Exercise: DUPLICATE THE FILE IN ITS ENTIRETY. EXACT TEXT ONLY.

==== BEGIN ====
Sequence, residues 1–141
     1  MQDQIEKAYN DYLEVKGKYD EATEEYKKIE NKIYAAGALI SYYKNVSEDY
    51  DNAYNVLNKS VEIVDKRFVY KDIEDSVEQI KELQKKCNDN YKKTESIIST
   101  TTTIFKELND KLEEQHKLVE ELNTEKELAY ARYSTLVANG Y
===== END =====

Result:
Sequence, residues 1–141
     1  MQDQIEKAYN DYLEVKGKYD EATEEYKKIE NKIYAAGALI SYYKNVSEDY
    51  DNAYNVLNKS VEIVDKRFVY KDIEDSVEQI KELQKKCNDN YKKTESIIST
   101  TTTIFKELND KLEEQHKLVE ELNTEKELAY ARYSTLVANG Y